"Whosoever loveth and maketh a lie" (pg. 222) is a reference to Revelations 22, which expresses that those who do not follow God's commandments are cast out of the Kingdom of Heaven. John knows he has sinned - he wonders if it was the sin of Noah's son who had looked at his father lying naked and drunk and was cursed because of it (Genesis 9). Some traditions hold that the curse was slavery - the cursed son was black (though this is not mentioned in the Bible), and John takes the curse to signify that.

Sin is personified on page 225 as an old black woman. "She was drunk, and dirty, and very old, and her mouth was bigger than his mother's mouth, or his own; her mouth was loose and wet, and he had never seen anyone so black. His father was astonished to see her, and beside himself with anger; but John was glad. He clapped his hands, and cried: "See! She's uglier than Mama! She's uglier than me!" Gabriel replies: "You see that? That's sin. That's what the Devil's son runs after."

On page 229, right in the heart of the conversion experience, Baldwin strings together one Biblical reference and allusion after another. In one page, Baldwin uses language from Revelations (the last book in the Bible). He references the book of the prophet Isaiah, who describes Jesus in Isaiah 53:5 in language almost identical to that used by Baldwin in this paragraph: "They were the despised and rejected, the wretched and the spat upon, the earth's offscouring; and he was in their company, and they would swallow up his soul. The stripes they had endured would scar his back, their punishment would be his, their portion his, his their humiliation, anguish, chains, their dungeon his, their death his."

Right afterwards, he has John take on the character of the Apostle Paul: "Thrice was I beaten with rods, once I was stoned, thrice I suffered shipwreck, a night and a day I have been in the deep...In journeyings often, in perils of waters, in perils of robbers, in perils by mine own countrymen, in perils by the heathen, in perils in the city, in perils in the wilderness, in perils in the seas, in perils among false brethren...In weariness and painfulness, in watchings often, in hunger and thirst, in fastings often, in cold and nakedness." All these things happened to Paul, and can be found throughout the book of Acts.

On page 231 there is a reenactment, in John's vision, of the Last Supper, which has already featured earlier in the book.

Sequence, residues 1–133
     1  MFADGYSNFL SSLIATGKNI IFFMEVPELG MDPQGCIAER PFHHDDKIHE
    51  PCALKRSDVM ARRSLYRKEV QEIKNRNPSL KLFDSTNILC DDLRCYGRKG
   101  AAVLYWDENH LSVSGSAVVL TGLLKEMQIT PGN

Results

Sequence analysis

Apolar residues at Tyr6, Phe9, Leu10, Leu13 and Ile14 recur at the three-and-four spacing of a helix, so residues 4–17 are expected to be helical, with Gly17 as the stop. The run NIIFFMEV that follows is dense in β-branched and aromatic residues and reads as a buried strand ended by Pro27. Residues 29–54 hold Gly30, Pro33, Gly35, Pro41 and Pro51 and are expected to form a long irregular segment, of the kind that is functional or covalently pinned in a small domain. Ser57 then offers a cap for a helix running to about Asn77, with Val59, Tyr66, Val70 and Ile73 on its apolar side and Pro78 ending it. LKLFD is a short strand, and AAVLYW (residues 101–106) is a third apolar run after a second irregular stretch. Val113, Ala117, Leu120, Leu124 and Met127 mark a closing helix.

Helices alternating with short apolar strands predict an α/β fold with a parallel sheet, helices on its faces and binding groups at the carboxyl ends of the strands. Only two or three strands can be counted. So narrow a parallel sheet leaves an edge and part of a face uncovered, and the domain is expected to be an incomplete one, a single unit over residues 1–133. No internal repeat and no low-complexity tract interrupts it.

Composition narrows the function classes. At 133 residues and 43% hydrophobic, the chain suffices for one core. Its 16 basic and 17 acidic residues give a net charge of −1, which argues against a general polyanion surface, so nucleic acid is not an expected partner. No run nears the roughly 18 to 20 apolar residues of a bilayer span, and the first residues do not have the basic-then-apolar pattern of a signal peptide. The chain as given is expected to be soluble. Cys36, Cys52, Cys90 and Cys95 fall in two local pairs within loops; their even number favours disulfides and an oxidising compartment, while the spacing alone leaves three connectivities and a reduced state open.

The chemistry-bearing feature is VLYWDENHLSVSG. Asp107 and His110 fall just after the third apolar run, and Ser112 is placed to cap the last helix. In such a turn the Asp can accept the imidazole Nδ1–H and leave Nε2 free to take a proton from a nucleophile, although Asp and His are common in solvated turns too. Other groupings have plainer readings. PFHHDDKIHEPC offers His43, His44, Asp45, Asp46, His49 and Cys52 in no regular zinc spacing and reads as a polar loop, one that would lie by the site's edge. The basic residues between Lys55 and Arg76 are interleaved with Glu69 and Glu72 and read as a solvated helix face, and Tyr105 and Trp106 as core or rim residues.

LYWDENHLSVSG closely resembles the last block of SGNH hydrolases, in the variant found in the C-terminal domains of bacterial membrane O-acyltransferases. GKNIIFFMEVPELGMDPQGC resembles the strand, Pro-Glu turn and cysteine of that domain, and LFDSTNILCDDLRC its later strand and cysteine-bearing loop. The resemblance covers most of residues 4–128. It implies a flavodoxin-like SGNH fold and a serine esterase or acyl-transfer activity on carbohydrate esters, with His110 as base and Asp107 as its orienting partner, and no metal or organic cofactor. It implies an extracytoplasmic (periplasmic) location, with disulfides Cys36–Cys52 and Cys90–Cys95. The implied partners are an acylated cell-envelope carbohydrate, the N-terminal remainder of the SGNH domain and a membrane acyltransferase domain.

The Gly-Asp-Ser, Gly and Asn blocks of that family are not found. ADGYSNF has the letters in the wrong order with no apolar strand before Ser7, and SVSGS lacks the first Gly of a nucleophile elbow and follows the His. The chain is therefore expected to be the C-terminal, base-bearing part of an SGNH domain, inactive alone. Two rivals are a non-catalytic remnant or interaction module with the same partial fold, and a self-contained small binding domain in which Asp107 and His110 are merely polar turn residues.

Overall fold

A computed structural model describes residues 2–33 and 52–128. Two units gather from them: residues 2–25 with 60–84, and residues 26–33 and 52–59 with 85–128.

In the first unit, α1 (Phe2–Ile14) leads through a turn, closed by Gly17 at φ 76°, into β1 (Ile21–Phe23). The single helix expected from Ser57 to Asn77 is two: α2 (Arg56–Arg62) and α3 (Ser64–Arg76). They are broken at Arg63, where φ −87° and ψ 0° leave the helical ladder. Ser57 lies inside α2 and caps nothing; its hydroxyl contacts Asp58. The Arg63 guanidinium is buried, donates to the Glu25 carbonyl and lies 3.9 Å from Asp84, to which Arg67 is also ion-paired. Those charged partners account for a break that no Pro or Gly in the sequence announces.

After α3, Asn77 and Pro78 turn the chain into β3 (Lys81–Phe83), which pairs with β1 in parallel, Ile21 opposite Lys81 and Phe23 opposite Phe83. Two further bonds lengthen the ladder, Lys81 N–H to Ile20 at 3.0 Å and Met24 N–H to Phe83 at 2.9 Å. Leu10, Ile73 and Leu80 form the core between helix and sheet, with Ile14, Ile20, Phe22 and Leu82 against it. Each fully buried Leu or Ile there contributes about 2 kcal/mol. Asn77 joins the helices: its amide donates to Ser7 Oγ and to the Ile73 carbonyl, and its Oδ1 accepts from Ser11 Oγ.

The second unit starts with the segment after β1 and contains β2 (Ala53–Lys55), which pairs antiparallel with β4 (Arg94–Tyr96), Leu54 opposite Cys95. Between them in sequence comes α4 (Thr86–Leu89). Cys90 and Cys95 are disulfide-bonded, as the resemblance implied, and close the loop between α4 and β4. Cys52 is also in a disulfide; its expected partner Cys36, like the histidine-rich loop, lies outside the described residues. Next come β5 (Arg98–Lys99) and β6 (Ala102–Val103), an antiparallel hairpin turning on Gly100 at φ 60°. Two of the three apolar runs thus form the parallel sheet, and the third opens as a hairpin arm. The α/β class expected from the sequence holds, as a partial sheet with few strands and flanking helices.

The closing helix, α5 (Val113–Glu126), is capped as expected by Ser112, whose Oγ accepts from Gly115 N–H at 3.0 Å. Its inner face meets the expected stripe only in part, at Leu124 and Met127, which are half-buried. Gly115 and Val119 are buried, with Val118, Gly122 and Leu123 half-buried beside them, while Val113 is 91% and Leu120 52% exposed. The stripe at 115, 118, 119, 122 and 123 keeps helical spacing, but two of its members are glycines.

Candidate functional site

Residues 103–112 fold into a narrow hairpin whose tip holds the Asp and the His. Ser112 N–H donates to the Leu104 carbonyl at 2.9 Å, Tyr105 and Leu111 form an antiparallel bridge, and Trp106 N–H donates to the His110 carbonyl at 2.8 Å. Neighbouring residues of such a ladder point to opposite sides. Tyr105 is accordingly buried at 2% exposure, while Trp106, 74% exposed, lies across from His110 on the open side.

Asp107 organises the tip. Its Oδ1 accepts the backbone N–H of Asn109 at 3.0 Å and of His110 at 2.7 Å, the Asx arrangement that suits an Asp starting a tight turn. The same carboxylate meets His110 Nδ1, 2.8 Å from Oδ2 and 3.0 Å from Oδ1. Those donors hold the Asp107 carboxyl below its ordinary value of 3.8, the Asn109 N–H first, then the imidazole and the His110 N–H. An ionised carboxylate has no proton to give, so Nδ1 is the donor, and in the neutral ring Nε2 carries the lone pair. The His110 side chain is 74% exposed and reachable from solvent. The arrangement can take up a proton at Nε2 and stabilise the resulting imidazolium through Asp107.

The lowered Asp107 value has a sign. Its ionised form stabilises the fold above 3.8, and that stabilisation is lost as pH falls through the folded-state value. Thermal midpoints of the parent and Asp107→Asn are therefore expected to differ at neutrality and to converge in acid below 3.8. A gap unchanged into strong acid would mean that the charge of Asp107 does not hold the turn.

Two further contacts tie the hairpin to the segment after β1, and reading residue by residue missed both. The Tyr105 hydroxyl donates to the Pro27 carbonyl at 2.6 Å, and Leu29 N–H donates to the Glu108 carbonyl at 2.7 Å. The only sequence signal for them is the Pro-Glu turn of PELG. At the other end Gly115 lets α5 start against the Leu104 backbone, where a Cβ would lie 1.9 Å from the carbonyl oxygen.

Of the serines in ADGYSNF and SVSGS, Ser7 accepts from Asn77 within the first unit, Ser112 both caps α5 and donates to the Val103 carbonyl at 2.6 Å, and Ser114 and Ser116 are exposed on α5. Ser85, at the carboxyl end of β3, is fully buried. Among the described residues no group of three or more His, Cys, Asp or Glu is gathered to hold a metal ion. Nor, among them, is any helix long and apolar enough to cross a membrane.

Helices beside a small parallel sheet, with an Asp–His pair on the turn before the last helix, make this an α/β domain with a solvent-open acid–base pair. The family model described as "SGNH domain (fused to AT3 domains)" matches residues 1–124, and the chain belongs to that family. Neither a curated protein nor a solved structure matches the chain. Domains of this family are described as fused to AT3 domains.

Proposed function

On page 233 there is another series of Biblical references: to Job, Abraham, Moses, Shadrach, Meshach, and Abednego, David, Jeremiah, Ezekiel, John, Judas, Thomas, Peter, Stephen, Paul. All these are key figures in different books of the Bible (Job, Exodus, Genesis, Daniel, I and II Samuel and Kings, Jeremiah, Ezekiel, the books of the prophets, and Acts). They are all organized in reference to the famous chapter 11 in Hebrews, known as "the hall of faith" for the list of faithful figures it refers to. At the bottom of the page, Baldwin writes, "[All these] looked unto Jesus, the author and finisher of their faith, running with patience the race He had set before them; they endured the cross, and they despised the shame, and waited to join Him, one day, in glory, and the right hand of the Father." That is a direct reference from Hebrews Chapter 12, which pulls out major lessons such as the vitality and dependability of faith and the coming glory of Heaven hinted at throughout the Hall of Faith chapter.

When Florence and Gabriel are arguing, Florence asks Gabriel a series of questions: Is [Esther's] name written in the Book of Life? And if you been but a stumbling-stone here below? Where are your branches? Where's your fruit? All these questions similarly come from scripture. The Book of Life is found in Revelation 20 and contains the names of the redeemed. 1 Peter 2:8 refers to a stone of stumbling. Branches and fruit refer to John 15, which is an extended metaphor of Christ being the vine and his followers being the branches. Unfruitful branches are cut out and burned. Gabriel's responses are similarly biblical, referring to Psalm 121 and 1 Samuel 16.

The concluding pages go back to John's point of view. Again, he refers to a number of Scriptures:

"Whom the Son sets free is free indeed" (pg. 247): John 8:36

"With the princes and powers of the air" (pg. 247): Ephesians 2:2

"The joy of the Lord is the strength of His people" (pg. 247): Nehemiah 8:10

"That heart, that breath, without which was not anything made which was made" (pg. 248): John 1:3

"Ezekiel's wheel, in the middle of the burning air forever" (pg. 248): Ezekiel 1